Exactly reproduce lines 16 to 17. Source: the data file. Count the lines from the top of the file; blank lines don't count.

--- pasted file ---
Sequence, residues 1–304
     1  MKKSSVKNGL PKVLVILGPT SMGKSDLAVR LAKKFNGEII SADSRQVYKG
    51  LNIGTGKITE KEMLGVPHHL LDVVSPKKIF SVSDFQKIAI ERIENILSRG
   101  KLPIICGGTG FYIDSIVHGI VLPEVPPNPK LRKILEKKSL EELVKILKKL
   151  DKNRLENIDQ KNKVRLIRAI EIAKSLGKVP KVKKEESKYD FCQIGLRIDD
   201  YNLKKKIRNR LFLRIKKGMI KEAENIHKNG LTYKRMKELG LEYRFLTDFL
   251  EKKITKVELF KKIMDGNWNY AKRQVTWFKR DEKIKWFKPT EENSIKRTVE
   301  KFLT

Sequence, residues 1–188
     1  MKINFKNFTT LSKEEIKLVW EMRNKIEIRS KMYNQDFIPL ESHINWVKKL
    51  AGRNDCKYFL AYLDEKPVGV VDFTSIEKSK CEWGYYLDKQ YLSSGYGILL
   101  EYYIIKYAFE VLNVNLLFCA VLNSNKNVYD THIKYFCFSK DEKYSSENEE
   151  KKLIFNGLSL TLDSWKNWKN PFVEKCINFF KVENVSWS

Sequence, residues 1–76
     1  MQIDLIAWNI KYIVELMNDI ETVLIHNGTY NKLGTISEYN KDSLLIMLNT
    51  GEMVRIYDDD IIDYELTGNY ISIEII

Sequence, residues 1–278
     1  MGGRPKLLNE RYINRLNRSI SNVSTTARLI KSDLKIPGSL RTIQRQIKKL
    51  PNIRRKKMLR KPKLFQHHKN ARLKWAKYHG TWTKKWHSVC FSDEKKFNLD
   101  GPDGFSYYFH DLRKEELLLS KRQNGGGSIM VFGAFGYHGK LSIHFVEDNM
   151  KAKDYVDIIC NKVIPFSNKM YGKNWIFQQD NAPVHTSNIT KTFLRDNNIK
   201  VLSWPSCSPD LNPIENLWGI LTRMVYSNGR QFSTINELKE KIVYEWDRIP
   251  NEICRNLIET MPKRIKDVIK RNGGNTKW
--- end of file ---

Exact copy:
    51  GEMVRIYDDD IIDYELTGNY ISIEII

Sequence, residues 1–278